Sherry is among the most versatile cocktail ingredients. Central to many 19th-century classics, fortified wine has a history of imparting saltiness, sweetness, and savory layers to cocktails. But while sherry is a beloved staple, for home bartenders its myriad uses tend to be more obscure.
“I think most people outside the industry are a bit afraid of sherry, because all they know about it is [that it’s] sweet and dense,” said New York bartender Natasha Bermúdez. Recently, regarding his use of the ingredient in modern contexts. In fact, while the sherry they can be richer, with notes of nuts or caramel, it can also be completely dry and bring minerality to the table. A wide variety of sherries are available, and the style continues to evolve.
Chantal Tseng, bartender and US Sherry Week ambassador, insists the ingredient can be easy to work into any cocktail. For starters, he suggests looking at how sherry can fit into his favorite classic recipe. “Biologically aged lighter sherry [such as manzanilla or fino] work alongside dry vermouths and lighter spirits like gin, vodka or white tequila, accentuating the salty and herbal elements accordingly,” he explains. At the other end of the spectrum, “Amontillados and Olorosos pair well with sweeter or red vermouths and older liqueurs.” And Pedro Ximénez sherry, rather than simple syrup, is “a beautiful thing” to level up a Daiquiri, according to Tseng.
To further demystify fortified wine, here’s a guide to the most common styles of sherry and how to use them in cocktails.
Fine sherry is stainless, delicate and dry, making it ideal for adding a touch of saltiness to austere drinks such as martini. the Tuxedofor example, swap fino for dry vermouth, while equal parts jungle cocktail he adds it to sweet vermouth and gin to give the Martinez a slightly salty twist. But in addition to the elegant coupé glasses, the fino is also making its way into more compressible formats: in the rebujito, an Andalusian highball, is paired with lemon-lime soda. In another easy-to-drink cocktail, the coconut on the branchthe minerality of the fino is combined with the salty flavor of the coconut water, enhanced with herbaceous vermouth infused with tarragon.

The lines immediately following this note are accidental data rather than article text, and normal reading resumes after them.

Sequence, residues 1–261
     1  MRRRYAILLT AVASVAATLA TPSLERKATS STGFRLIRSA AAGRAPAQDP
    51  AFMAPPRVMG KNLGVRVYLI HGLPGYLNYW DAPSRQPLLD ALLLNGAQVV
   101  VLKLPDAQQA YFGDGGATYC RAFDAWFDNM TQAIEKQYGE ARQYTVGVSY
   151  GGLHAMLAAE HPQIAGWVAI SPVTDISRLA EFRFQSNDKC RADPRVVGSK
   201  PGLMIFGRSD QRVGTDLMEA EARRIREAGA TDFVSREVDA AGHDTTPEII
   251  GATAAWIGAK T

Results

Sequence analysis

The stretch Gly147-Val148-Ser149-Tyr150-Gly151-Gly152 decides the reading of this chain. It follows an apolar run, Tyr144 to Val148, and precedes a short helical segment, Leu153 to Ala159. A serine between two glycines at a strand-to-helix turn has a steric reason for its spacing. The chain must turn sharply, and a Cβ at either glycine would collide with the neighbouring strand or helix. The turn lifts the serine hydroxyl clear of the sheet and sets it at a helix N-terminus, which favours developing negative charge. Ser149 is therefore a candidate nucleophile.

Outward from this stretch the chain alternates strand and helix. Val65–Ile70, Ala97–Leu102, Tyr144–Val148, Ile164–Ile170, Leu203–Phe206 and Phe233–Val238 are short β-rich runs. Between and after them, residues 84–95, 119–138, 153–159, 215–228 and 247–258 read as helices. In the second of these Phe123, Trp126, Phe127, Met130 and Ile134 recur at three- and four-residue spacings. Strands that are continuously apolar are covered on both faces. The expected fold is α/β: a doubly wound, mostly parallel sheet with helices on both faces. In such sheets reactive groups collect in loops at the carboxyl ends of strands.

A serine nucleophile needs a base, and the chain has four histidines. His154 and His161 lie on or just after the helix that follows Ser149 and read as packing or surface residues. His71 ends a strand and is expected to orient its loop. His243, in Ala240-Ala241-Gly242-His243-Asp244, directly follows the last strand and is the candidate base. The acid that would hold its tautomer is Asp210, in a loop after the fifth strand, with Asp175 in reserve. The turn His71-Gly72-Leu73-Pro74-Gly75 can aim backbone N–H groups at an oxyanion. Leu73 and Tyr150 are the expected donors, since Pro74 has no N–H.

An effortlessly cool drink, the official summer drink of the Jerez region of Spain.
coconut on the branch
An easy-to-drink combination of Sherry Fino, tarragon-infused white vermouth and coconut water.
Manzanilla is equally dry and differs from fine only in its place of origin; Chamomile comes from a cooler region, which gives it more shine. Given the high acidity and salinity of sherry, its presence in cocktails has been compared to “bring a pinch of salt to the table,” says Andrew Meltzer, a San Francisco bartender and fan of the style. Whether it’s to liven up sherry classics, such as turning the Bamboo into a highballor give a cocktail the 50/50 treatment, as in the case of Bermúdez bottom test shot on the daisy, a dose of chamomile is an easy shortcut to complexity. It can also substitute liqueurs, as in our Garibaldi applewhere it amplifies the acidity of green apple juice.
tall bamboo glass
The classic shake becomes a chiller tall with a pour of tonic water.
A split base of mezcal and manzanilla sherry offers a lower ABV version of the classic.
Granny Smith apples star alongside sherry, vermouth and gin.
Amontillado sherry is slightly deeper than Fino and Manzanilla, but lighter than Oloroso, with a more spicy character. For Chip Tyndale’s version of the Bamboo, which splits the vermouth quotient between white and dry expressions, found no need to split the sherry, as amontillado strikes the perfect balance of nuttiness and sweetness that works well against the vermouth’s fruity qualities. The amontillado also serves as a base for Alex Anderson’s version of the Sherry Cobbler. Combined with rich Demerara syrup and citrus, the sherry brings roundness and weight to the recipe, making it our favorite version of several cobblers we blind-tested recently. Amontillado also fits well in modern drinks, such as Romance at Gracelandwhere its slightly nutty character enhances the flavor of the peanut butter washed cognac.
Nutty-flavored Oloroso sherry is fuller-bodied and can replace brown liqueurs in lower-proof versions of the classics. Due to its dessert quality, Oloroso works particularly well in creamy cocktails, such as the sherry jerkor in night drinks like the Sketches of Spain, a Spanish-inspired cocktail that offers a lower grade late night drink. In happier drinks, on the other hand, like Matt Piacentini’s sherry-tinted version of the DaiquiriOloroso adds depth to the recipe, which also sports a more concentrated 2:1 Demerara syrup to match.
One of the original sherry drinks, described as a “very delicious drink” that “gives strength to delicate people”.
Sketches of Spain
A low-alcohol drink with sherry, sweet vermouth and a measure of brandy.
Peter Jimenez It is made from raisined grapes through fractional blending, or the solera process, so each bottle represents a mixed vintage. PX Sherry, as it is known for short, is sweet and sticky and, instead of a base, works well as a sweetener. In the Peter Suckerpunch, for example, substitutes sugar syrup and is balanced with bright lemon juice and bitter espresso liqueur. With its raisin flavor, PX Sherry is also at home alongside the fruity flavors of a Pimm’s Cup, where its nutty character helps bring out the flavor of Maison Premiere. take on the classic towards a winter palate. Fortified wine also lightens the spiritual construction of the happy 4ensuring that the hard-hitting combination of bourbon, rum and peat Scotch whiskey remains “crushable and delicious”.
Pedro Ximenéz sherry brings the sweet touch of an Old-Fashioned to this shaken blend.
A spirited yet “crushable” combination of bourbon, rum, sherry and scotch.